3. Early case law

    In 1977, a New Jersey court decided the first reported case dealing with the parental rights of aman who provided his sperm to an unmarried woman in the case of C.M. v. C.C.6 As with many

  • The Kansas case of K.M.H. US law concerning the legal status of known sperm donors

    7 C.M. v. C.C., 407 A.2d 849 (N.J. Juv. & Dom. Rel. Ct. 1977).8 Unif. Parentage Act, 9B U.L.A. 287 (1987).


    of the cases that were to follow, the testimony of the sperm donor and the mother were conflict-ing and contradictory. For example, in the majority of these cases, including the Kansas case ofK.M.H., the mother asserted she did not intend for the sperm donor to have a parental relationshipwith the child. The sperm donor, on the other hand, claimed he assumed, or the parties agreed,he would be the childs father and have certain parental rights concerning any child born of theAID. In the facts of the New Jersey case, the mother testified that she told the sperm donor shewanted to have a child by donor insemination. The sperm donor suggested he would be willingto provide his sperm and the mother accepted his offer. The mother stated she did not intend forthe sperm donor to have a parental relationship with the child. The sperm donor, on the otherhand, testified he and the mother were dating each other and contemplated marriage. He furthertestified the mother wanted to have a child by him, but she did not want to have intercoursebefore they were married. Consequently, the sperm donor provided sperm to the mother, whoinseminated herself at her home, pursuant to a doctors description of the insemination process.The parties stopped seeing each other three months into the mothers pregnancy, when theydiscovered they did not share the same assumption about the role the sperm donor would havein the childs life.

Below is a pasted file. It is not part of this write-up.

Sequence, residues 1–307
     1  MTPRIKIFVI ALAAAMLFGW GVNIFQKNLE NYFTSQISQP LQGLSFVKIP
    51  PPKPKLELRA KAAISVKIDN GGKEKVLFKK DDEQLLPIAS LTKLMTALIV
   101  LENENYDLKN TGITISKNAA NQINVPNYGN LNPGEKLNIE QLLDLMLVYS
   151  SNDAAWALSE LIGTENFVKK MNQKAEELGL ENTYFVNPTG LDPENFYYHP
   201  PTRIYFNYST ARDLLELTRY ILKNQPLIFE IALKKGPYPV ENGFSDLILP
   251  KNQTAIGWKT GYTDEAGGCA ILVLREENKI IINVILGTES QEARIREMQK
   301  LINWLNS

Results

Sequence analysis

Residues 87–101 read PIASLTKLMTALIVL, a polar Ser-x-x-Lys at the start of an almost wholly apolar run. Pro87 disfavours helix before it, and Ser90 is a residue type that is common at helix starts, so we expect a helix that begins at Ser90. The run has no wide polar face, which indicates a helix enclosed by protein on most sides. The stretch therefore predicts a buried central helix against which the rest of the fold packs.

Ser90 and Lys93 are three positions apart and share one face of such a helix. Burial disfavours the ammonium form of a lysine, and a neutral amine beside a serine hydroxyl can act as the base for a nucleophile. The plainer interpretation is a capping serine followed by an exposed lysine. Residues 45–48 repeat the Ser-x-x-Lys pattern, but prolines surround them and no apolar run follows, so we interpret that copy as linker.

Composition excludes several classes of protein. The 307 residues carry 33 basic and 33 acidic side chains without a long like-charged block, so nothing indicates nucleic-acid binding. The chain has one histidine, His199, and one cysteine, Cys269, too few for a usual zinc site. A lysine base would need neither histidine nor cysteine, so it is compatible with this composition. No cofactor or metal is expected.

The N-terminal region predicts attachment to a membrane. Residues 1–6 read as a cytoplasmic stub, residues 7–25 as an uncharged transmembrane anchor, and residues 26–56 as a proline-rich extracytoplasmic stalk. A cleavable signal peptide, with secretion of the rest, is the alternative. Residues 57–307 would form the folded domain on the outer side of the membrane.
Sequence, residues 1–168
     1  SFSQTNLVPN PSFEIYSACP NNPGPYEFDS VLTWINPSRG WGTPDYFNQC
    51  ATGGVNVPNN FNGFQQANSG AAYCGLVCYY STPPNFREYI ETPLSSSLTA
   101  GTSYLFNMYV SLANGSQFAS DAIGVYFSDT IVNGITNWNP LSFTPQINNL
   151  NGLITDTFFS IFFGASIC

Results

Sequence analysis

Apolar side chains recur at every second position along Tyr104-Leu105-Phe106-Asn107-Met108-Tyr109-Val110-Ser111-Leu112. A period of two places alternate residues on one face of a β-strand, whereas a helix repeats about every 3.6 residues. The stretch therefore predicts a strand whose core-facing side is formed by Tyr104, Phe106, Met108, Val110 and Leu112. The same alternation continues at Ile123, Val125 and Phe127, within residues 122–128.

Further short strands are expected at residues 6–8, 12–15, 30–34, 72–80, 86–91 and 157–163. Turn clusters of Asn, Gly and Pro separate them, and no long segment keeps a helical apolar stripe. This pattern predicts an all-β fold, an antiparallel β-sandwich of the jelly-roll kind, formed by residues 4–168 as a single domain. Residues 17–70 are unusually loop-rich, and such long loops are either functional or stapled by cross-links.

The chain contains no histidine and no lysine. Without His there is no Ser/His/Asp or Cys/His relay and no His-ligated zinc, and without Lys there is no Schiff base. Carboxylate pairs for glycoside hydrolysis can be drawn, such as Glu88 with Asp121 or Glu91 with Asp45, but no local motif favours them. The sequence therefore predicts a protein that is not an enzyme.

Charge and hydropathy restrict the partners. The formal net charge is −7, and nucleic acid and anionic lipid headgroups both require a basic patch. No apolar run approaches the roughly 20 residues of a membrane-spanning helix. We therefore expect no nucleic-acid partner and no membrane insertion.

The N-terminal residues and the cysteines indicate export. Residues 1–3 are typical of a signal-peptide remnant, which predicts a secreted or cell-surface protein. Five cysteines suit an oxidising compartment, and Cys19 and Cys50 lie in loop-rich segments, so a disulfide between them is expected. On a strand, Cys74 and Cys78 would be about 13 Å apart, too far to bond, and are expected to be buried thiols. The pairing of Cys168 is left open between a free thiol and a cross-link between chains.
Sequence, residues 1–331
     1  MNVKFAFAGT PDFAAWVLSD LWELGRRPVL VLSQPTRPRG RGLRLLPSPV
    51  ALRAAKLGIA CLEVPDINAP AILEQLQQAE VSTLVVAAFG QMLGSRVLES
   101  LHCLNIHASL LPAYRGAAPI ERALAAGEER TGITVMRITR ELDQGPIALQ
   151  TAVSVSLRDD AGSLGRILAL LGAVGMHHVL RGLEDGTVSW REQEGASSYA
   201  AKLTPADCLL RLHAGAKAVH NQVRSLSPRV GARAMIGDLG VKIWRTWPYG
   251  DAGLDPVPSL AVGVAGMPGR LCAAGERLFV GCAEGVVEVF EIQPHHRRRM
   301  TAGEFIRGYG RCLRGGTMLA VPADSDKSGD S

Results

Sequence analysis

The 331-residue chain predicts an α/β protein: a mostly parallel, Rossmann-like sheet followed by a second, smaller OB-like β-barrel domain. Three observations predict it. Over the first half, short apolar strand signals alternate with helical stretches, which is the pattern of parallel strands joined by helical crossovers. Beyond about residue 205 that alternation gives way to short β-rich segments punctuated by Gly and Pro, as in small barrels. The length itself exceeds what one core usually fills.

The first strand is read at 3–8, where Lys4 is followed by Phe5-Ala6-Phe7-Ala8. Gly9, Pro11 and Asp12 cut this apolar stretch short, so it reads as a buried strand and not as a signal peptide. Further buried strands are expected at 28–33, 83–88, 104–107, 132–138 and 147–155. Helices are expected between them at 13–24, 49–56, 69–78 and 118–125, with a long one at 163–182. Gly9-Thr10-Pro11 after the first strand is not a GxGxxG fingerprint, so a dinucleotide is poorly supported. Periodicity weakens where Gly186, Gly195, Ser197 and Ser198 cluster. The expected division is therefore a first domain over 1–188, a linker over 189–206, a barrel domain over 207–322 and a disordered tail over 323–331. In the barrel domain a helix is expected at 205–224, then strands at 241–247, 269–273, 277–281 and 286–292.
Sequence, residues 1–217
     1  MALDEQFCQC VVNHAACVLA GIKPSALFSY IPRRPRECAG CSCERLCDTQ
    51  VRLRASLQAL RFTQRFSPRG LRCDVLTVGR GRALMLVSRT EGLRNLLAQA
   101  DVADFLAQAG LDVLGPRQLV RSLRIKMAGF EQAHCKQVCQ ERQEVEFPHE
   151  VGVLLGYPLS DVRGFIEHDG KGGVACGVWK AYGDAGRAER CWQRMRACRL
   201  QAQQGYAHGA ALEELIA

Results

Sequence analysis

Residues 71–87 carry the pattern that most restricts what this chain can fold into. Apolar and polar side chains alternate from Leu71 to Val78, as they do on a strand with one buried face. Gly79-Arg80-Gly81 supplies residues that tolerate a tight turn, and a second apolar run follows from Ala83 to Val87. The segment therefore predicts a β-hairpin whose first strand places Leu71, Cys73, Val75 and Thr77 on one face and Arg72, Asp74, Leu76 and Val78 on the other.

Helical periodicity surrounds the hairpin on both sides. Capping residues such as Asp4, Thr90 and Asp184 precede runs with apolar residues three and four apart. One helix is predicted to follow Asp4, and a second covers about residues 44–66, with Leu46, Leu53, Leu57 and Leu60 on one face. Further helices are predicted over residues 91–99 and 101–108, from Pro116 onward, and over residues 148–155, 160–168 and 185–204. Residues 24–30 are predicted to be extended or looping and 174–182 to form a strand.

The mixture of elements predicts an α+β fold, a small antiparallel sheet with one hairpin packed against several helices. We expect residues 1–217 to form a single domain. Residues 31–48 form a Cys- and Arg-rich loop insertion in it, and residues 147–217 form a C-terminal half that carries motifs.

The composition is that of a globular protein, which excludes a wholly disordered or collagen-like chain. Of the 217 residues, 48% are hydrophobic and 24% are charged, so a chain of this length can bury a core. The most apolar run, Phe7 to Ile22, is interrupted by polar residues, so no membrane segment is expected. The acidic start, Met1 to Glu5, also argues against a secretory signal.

Because there was no applicable AID statute in New Jersey in 1977, the court relied oncommon law principles that had developed in New Jersey case law. The court first noted, undercurrent law, a natural father had visitation rights to his children, even though he was notmarried to the childs mother. The court framed the issue as one involving the definition of anatural father. In doing so, the court looked at AID cases concerning married couples. The courtdetermined these cases were factually distinguishable from the present case because the issue inthose cases was whether the husband or a sperm donor was the childs legal parent. The presentcase, however, did not involve competing interests of two men. The court therefore analogizedthis case to conception by intercourse and stated the sperm donor was the only other parent figurein this case, and the fact that an unmarried woman conceived the child without intercourse wasnot relevant. In addition, the court stated the sperm donor did not waive his parental rights bydonating his sperm. The court held that because (1) it was in the childs best interests to have twoparents whenever possible; (2) there was no one else to assume the responsibilitie